It is perfectly human for victims of a natural disaster to resort to a rebuilding mode as a way of coping with the loss of life/property. Edward Linenthal believes “the resilience of cities has depended on a progressive-oriented dominant narrative, one that views the devastation and rebuilding of cities as... Continue reading
Posted Oct 31, 2011 at 2011 A+ Number One Team
Ms. Wickesberg, Having served our community as a police officer for the past 11 years I’ve seen crime rate fluctuate throughout the years. It’s hard to pin-point the problematic factors that initiate crime on a given location. One thing is clear current, zoning must be revised. Attached is a map... Continue reading
Posted Oct 24, 2011 at 2011 A+ Number One Team
Mr. Lee, I’m terribly sorry to hear you predicament. As a black police officer and a member of our community I can guarantee you it’s not a racial issue. Yours is one of two convenient stores found inside our troubled community. I can understand, seeing as how the other store is owned by a black family, you might feel exploited, but the fact of the matter is both stores have a high number of police related incidents. The city’s budget keeps getting cut; we’re currently understaffed in all public arenas from school teachers, firemen, even police officers. Tax revenues are low and the recession caused state and federal help to drop significantly. We need to fix the problem from within and it starts with more meaningful architecture. Not just by design, but more inherently by function. Our current Community Center is run down and too small for our current population. Building an activities center can help lure young adults to a healthy environment. One other ‘radical’ approach I would like to see on the table is an idea to ‘downsize’ the low-income Greenfield towers. The towers were build in late 60’s and not only are they in poor shape, but most are around 80% capacity. We can work with the building owners and the community on lowering the towers by 2/3 stories. There’s plenty federal grant monies on both green energy solutions as well as lower-income housing project that we can manage without having to invest a lot of capital. Face-lifting the Greenfield towers can go a long way in showing our community a sense of ownership and dedication to a better tomorrow. Officer Townsend
Toggle Commented Oct 24, 2011 on Charette Role Preperation at 2011 A+ Number One Team
As a member of the Lynchborg Police Department and a member of our community I’ve witness the depreciation of civil wealth in our intercity. Our crime rates are related to poor planning decisions that stacked lower income families in tasteless design solutions. New Urbanism signals a return to concepts of... Continue reading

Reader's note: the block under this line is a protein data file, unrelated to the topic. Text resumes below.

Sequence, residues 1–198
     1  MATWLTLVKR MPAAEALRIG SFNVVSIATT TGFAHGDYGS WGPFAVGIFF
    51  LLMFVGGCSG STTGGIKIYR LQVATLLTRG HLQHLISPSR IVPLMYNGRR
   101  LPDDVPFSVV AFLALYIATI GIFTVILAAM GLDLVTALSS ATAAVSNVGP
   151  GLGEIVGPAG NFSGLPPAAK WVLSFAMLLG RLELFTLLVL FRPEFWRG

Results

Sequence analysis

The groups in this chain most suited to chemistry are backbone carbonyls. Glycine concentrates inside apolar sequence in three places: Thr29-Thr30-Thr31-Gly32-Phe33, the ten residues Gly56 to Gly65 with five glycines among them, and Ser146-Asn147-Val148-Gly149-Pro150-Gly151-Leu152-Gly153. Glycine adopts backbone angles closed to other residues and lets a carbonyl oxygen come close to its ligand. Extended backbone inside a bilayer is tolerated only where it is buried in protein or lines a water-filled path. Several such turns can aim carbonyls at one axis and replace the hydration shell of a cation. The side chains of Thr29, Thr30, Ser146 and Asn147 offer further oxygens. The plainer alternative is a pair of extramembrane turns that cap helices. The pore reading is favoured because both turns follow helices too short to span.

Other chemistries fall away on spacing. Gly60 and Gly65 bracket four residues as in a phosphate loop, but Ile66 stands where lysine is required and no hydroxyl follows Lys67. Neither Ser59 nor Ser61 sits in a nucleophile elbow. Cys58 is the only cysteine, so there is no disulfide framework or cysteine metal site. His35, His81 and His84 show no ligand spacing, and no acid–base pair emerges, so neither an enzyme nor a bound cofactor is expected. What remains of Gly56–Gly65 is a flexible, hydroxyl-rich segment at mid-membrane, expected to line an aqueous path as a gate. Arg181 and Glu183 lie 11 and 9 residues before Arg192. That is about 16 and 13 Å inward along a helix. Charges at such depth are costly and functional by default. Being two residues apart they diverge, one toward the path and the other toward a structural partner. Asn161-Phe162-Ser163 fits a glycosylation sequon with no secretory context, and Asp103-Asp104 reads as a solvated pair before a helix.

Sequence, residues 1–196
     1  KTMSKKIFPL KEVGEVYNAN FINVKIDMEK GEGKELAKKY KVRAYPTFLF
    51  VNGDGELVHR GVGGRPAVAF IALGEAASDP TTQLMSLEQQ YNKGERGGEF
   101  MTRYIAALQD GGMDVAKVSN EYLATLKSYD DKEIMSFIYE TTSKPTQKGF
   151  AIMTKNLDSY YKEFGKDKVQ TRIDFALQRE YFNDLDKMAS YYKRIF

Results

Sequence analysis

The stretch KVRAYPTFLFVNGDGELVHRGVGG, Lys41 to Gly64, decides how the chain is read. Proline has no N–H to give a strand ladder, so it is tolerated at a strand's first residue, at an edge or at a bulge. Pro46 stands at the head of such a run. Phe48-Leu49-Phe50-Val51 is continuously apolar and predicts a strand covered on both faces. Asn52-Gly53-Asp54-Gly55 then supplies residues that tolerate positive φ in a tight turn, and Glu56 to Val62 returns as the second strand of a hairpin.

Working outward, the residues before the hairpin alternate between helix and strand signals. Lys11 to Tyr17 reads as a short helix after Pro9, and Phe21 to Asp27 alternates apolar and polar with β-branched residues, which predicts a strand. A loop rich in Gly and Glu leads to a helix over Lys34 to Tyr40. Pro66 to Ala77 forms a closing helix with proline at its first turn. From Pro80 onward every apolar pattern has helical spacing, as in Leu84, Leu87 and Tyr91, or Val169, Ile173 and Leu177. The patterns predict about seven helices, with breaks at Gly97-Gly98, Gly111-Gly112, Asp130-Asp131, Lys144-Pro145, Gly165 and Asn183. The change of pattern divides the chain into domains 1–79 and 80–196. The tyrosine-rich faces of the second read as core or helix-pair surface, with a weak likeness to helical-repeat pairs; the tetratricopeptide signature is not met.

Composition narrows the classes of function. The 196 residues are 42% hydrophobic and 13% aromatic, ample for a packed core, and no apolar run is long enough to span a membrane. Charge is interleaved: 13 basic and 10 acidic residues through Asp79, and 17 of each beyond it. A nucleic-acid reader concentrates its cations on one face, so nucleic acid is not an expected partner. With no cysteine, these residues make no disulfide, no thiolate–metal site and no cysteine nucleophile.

Posted Oct 24, 2011 at 2011 A+ Number One Team
To say I was unimpressed with Talen’s presentation is an understatement. People with little imagination and poor people skills should work at the DNV. Design theory is not something you pick up from a book, copy from an image, or a place you happen to be walking by… Design takes... Continue reading
Posted Oct 19, 2011 at 2011 A+ Number One Team
John... Considering Tauxe’s take on “Just City” we find a contradiction as to the needs of minority groups and the force of the majority. To quote your analysis, “…cultural misunderstanding in the planning arena can be problematic in coming to fair, meaningful conclusions for the entire community” troubles me as I consider ways of enabling members of diverse communities to engage in authentic dialogue. Cultural misunderstandings do not stand on the way of law and reason. Today, society understands the difference between racism and ignorance. And if they don’t, people can always be fined for it until their pockets hurt… Planning protocol that initiates a pluralist agenda while focusing on the goal at hand can contribute to authentic dialogue.
Toggle Commented Oct 19, 2011 on Discussion 10/19 at 2011 CBBG
Fainstein offers five values to define a “just city.” Democracy Equity Diversity Growth Sustainability Citizens will always defend their self-interest before standing up to shared concerns. Who do planners design management systems that favor a heterogeneous search for solutions: Allow all parties and opportunity for representation. Count each vote as... Continue reading
Posted Oct 16, 2011 at 2011 A+ Number One Team
I’ve invest some thought on my personal understanding of ethical ownership. Ethics should be black/white [right/wrong]. If we allow ourselves to place a particular situation as the framework for ethical decision the planner has no integrity. There has to be a clear personal understanding of ethical choice. Ethics comes at... Continue reading
Posted Oct 8, 2011 at 2011 A+ Number One Team